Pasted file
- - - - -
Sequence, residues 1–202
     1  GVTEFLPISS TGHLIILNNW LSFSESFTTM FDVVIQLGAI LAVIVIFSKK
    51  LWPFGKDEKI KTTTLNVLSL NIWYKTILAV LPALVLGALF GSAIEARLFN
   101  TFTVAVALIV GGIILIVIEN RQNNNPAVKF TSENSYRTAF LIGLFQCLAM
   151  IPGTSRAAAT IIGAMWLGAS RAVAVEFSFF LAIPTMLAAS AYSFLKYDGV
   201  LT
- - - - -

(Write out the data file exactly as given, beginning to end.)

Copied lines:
Sequence, residues 1–202
     1  GVTEFLPISS TGHLIILNNW LSFSESFTTM FDVVIQLGAI LAVIVIFSKK
    51  LWPFGKDEKI KTTTLNVLSL NIWYKTILAV LPALVLGALF GSAIEARLFN
   101  TFTVAVALIV GGIILIVIEN RQNNNPAVKF TSENSYRTAF LIGLFQCLAM
   151  IPGTSRAAAT IIGAMWLGAS RAVAVEFSFF LAIPTMLAAS AYSFLKYDGV
   201  LT